Category Archives: Cloud seeding

Montford’s The Hockey Stick Illusion, p269: climate change meets cloud seeding

“McIntyre’s first step in trying to replicate a paper was to collate the data.   While data might be cited correctly and accurately in the papers, it was always possible that what had been used was different in some way to the official versions, whether due to an error in the archive or one made by the authors.”

Almost at every turn in this monumental exposé by A. W. Montford, I see parallels in the many cloud seeding reanalyses I did at the University of Washington with Peter Hobbs.  The two sentences quoted above from Montford’s book, so fundamental a step in checking results, literally leapt off the page since that is exactly where the most basic replication starts, and where we always began in our cloud seeding (CS) reanalyses.

In our re-evaluation of perhaps the most important randomized wintertime cloud seeding experiments ever conducted, those at Climax, Colorado, 1961-1970, we started with the raw data that the experimenters said they had used.  This was precipitation measurements at the cloud seeding target gage that were taken by an independent organization and archived by NOAA, thus making it publicly available.  The experimenters high lighted this independence in their publications.

But when those values from NOAA were used in the re-evaluation of those Climax experiments, discrepancies were found, just as Montford reports that Steve McIntyre found so often in his proxy raw data examinations.   In our case, the seeded days generally had more snow in the experimenters’ data at the NOAA target gage, and control days less than was actually the case according to the NOAA data.   Furthermore,  these discrepancies were only observed in the second “confirmatory” experiment (1966-1970) on the days that were supposed to respond the most to seeding.  In our re-evaluation of the second experiment (aka, Climax II) the use of the NOAA precipitation values, along with other data corrections,  degraded the results so badly that they did not confirm the first five season experiment after all.   The experimenters had previously reported that Climax II had been a confirmation of the first (aka, Climax I) experiment.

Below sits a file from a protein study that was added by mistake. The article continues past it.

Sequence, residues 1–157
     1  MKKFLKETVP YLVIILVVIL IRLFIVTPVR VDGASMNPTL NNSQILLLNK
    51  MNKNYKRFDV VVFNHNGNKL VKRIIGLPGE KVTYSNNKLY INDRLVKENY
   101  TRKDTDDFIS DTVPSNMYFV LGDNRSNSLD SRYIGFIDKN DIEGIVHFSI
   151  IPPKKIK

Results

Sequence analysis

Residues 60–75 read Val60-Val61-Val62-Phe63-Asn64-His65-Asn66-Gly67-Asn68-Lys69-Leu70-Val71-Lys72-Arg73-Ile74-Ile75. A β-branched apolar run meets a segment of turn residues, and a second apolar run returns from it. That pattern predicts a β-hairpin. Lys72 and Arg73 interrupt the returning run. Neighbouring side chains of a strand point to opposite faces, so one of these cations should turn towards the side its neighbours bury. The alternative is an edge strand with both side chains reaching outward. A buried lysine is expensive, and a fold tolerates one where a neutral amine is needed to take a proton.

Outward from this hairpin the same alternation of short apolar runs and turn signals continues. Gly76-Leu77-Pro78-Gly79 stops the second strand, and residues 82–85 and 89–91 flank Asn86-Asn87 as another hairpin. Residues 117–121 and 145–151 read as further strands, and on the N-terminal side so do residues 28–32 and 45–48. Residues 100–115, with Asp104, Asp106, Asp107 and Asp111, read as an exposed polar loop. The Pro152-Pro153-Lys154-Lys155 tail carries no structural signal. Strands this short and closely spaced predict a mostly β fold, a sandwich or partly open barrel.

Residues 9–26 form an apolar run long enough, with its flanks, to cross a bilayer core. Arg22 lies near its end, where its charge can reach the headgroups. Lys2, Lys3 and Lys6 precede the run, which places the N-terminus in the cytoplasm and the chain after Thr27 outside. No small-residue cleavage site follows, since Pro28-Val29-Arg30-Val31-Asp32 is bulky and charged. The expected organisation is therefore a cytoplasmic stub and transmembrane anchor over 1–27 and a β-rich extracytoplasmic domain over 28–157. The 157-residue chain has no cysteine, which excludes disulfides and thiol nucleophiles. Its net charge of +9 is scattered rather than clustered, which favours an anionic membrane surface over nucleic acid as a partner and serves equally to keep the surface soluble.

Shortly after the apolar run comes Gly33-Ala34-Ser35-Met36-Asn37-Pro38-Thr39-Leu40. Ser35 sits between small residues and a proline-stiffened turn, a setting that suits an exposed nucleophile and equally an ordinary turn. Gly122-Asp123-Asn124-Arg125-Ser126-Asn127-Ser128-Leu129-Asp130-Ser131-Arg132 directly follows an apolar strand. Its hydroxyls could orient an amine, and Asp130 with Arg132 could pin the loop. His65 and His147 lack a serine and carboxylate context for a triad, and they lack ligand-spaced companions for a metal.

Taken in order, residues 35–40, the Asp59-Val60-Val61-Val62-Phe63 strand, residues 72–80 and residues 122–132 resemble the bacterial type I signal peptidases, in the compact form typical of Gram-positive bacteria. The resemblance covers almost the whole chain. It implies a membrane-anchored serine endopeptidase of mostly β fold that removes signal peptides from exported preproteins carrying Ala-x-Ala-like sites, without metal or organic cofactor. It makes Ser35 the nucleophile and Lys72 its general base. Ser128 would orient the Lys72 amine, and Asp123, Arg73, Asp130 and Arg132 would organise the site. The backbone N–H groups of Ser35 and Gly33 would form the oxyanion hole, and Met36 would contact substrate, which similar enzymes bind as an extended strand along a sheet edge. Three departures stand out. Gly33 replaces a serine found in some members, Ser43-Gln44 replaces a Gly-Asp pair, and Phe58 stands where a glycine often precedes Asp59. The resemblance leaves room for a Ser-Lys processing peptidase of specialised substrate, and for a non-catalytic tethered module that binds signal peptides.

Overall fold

As one might imagine, the initial reports of a the “confirmation” of the earlier “exploratory” CS experiment gave those two experiments together a great deal of caché as strong evidence that snow could be increased on a determinant basis through wintertime cloud seeding.   And they were cited as having done so by the prestigious National Academy of Sciences Panel on Climate and Weather Modification in 1974.    (As an interesting aside, the NAS Panel was also concerned at that time about the “…recent equatorward shift in ice boundaries.”)

Further work “de-constructing” those experiments at Climax, that is, the discovery of more discrepancies, can be found here.

Eventually the experimenters acknowledged the source of their errors in precipitation at the target gage in a journal exchange in 1995.

Epilogue

However, unlike the situation that McIntyre repeatedly encounters in Montford’s HSI account, where climate researchers refuse to honor requests for raw data, in our re-analysis of cloud seeding experiments in Colorado, the experimenters at Colorado State University were totally cooperative in supplying data that was occasionally requested by the present writer.  They did this even though they KNEW that the requestor was a critic/skeptic, might challenge their earlier results.  To their great credit, the ideals of science were given a higher priority than their egos by those at CSU and that finding problems and discrepancies were recognized as a way of advancing science, not hindering it.

 

 

What’s Up with This?

Got pretty mad yesterday when I saw this overhead in some Altocumulus perlucidus clouds.  You’ll have to hold your monitor or Ipad, or cell phone, or whatever, over your head to see it EXACTLY the way I saw this because it WAS overhead;  straight up.  (Actually, doing 3 sets of 12 might be good for you.)  Also, click on images to get the full view.